How do you nurture your imagination in your everyday life? 

This was the starting point of our last Community Coffee Chat on July 20, when facilitators from 15 countries reflected together on the role of imagination in problem-solving. After a presentation of imagination and creativity, we experimented using the LSP techniques to push the imagination in ideas generation.  

Life is a matter of imagination

Why imagination is so important in everyday life? 

Some people may think it is for children, and that it is unuseful in a professional context. 

On the contrary, imagination is the skill that differentiates human beings from most creatures. 

According to Yuval Noah Harari  (Ph.D. History): « Seventy thousand years ago, there were at least six different human species on earth. They were insignificant animals, whose ecological impact was less than that of fireflies or jellyfish. Today, there is only one human species left: Us. Homo sapiens”

Homo Sapiens was the only homo specimen whose brain developed the imagination faculty. This made a huge difference when the climate changed from ice age to interglacial age when steppes quickly disappeared and forests started raising from the ground. 

Sapiens could imagine himself to hunt in the forest, even if he never did before. Homo of Neandertal could not and he disappeared. 

Sapiens now rules the planet. 

Imagination and Creativity

Most of us underestimate the power of imagination because there is confusion about it. In everyday language, we mix and misuse the words fantasy, imagination, creativity, and innovation. 

Imagination is the capability of anticipating before experience. It is the faculty of conceiving new realities in our mind, by matching experiences in a new way. The fruits of imagination are new ideas. The unicorn is a clear example of imagination. 

When we apply imagination to solve a problem, then we call it creativity: applying imagination to act in the world and create new things. The result of creativity is an invention.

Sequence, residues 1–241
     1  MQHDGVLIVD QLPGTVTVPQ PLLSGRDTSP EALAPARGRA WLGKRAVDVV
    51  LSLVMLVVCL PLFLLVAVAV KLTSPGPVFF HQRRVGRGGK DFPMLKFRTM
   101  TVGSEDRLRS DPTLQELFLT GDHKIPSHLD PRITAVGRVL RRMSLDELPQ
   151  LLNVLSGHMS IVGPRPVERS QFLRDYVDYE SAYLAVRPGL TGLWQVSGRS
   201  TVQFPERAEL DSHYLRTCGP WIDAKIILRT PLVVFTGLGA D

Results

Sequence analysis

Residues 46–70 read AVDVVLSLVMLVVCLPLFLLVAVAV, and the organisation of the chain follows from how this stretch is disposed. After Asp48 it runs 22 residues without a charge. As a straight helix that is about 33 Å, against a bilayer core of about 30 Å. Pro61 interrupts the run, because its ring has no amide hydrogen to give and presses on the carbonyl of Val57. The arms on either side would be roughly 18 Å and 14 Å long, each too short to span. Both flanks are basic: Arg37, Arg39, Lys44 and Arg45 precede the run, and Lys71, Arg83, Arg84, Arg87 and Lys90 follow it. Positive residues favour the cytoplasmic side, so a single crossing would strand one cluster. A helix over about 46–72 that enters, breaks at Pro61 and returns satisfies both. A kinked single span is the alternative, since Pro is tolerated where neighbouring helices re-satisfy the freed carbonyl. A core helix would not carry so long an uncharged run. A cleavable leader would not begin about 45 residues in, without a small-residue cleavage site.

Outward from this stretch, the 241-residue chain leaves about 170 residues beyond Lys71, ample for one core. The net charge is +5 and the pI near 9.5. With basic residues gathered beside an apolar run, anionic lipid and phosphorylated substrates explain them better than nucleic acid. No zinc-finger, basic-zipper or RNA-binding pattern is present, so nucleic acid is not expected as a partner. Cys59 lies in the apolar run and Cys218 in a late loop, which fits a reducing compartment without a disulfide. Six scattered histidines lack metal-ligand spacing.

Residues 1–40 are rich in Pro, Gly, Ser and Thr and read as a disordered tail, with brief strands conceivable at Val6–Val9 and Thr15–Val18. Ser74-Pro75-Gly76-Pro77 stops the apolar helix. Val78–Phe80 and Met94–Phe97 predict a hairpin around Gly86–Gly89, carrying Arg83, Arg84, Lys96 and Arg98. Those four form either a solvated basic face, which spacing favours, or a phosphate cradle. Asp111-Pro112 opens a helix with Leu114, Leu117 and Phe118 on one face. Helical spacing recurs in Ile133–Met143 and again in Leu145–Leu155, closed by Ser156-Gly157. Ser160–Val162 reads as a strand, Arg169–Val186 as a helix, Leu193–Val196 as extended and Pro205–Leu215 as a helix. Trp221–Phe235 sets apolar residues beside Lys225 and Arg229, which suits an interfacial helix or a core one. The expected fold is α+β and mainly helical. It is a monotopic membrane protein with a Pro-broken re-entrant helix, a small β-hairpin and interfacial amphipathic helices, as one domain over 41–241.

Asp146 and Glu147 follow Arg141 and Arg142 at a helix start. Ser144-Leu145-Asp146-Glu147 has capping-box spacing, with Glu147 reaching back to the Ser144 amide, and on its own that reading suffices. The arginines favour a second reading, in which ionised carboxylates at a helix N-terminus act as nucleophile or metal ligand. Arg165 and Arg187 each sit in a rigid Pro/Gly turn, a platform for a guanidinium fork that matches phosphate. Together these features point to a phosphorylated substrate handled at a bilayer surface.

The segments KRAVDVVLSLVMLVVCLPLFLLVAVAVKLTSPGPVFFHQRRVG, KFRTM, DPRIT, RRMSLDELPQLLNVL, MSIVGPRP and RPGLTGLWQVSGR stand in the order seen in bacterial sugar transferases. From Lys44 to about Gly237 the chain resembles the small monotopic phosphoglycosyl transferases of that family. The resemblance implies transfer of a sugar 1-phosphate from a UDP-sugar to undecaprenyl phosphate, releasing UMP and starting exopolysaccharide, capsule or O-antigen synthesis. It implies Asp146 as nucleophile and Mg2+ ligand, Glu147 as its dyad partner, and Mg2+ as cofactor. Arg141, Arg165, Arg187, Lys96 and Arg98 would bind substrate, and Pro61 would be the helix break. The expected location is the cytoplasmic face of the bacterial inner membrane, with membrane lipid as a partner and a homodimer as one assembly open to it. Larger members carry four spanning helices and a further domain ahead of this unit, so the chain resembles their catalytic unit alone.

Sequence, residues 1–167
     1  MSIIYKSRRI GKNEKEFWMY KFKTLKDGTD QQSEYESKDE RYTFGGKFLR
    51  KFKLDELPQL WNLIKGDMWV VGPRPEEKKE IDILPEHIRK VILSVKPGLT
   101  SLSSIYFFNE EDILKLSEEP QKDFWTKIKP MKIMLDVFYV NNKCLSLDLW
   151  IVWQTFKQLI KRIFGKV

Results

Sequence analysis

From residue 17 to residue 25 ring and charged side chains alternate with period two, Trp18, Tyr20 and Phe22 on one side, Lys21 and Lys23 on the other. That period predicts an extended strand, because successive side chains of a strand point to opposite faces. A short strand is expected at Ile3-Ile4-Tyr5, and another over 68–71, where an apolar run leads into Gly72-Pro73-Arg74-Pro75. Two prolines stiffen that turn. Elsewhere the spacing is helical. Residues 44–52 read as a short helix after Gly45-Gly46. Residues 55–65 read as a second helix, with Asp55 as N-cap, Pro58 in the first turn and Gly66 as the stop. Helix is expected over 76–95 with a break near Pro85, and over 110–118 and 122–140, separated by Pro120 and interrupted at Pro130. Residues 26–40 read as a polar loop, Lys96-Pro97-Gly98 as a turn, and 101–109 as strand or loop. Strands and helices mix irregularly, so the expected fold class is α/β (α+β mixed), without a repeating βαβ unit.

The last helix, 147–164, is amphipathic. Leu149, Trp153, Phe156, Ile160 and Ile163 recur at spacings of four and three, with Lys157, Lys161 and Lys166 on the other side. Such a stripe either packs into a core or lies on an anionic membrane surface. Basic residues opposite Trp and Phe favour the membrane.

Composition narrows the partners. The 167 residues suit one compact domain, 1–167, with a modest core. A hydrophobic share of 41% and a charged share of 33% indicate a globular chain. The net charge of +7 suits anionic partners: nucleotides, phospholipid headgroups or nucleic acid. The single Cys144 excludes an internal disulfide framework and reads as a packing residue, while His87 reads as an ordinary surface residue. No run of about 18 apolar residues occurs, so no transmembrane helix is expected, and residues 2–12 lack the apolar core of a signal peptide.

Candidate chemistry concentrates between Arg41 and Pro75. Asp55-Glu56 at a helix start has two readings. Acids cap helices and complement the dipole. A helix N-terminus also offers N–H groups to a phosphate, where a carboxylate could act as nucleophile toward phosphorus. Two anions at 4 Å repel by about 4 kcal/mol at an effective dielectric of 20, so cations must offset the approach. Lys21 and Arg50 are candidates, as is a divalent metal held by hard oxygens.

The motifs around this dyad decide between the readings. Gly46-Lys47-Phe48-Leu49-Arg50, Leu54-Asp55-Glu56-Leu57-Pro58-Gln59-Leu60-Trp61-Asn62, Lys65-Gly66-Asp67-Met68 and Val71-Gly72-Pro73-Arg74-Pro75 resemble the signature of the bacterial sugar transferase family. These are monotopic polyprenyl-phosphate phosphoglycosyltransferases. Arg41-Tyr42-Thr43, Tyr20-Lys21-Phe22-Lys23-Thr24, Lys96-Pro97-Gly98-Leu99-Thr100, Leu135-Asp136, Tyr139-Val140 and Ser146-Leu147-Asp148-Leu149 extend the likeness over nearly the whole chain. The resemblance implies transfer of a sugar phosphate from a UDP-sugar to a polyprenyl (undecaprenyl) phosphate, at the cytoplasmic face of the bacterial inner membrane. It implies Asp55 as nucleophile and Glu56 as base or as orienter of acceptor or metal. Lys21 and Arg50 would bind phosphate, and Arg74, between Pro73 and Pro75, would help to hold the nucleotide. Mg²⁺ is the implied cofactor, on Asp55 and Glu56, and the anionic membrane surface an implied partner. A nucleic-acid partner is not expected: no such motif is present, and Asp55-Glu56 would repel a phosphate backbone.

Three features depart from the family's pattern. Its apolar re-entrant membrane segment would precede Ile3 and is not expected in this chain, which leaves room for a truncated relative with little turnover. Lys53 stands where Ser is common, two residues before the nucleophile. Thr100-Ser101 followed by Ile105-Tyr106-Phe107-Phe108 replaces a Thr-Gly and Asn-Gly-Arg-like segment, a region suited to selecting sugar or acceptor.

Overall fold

The Creative Problem Solving process

 In the ’50s Alex Osborn and Sidney Parnes formalized the way we apply creativity in the Creative Problem Solving Process. They were visionary men who understood that creativity was a key skill and that we can train it.

The process resumes in 4 steps: CLARIFICATION of the situation, IDEATION of possible solutions, SELECTION of the most innovative and effective one, IMPLEMENTATION in real life for a GO/No GO decision. 

Today Creative Problem Solving process is hugely applied inside organizations, also in some of its derived forms, such as Design Thinking. 

Creative Problem Solving and the LEGO® SERIOUS PLAY® method

As LSP Facilitators we use LSP Techniques to facilitate problem-solving inside organizations. But how about Creative Problem Solving? 

As a facilitator of both processes, I use LSP Techniques such as AT1 and AT3 for CLARIFICATION, SELECTION, and IMPLEMENTATION. 

Since generating a huge quantity of ideas is a key point in IDEATION, I was convinced that using the Lego Bricks could slow the ideas generation process. 

I never dared to try with my clients, using traditional methods like wording or post-it instead. As so, I was really happy to be able to explore the ideation phase with the help of the community, during the coffee chat. 

We played two rounds of buildings with different ideation techniques. Our purpose was to understand if yes or no building with hands could slow down the ideation process, and eventually which technique could generate the most surprising buildings. 

The experience was rich and most of the facilitators from 15 different countries shared their insights. What a benefit for me! I had a deeper understanding of the link between the methods. 

The result was that for 75% of the participants the use of AT1 was beneficial to idea generation. 25% felt that constructing with bricks was slowing down their imagination of solutions. 

We reflected that this is probably due to the creative style we have. We also considered that to push imagination, it is important to use bricks metaphorically, non to prototype the solutions. 

I love this facilitators’ community 

I thank the whole community for this gift: on top of the fact that I feel more confident now in propose LSP for Ideation, I now consider that taking part in the Coffee Chat format to exchange, create connections and explore new practices is a great part of my continuous training. 

And of course, we had a lot of fun!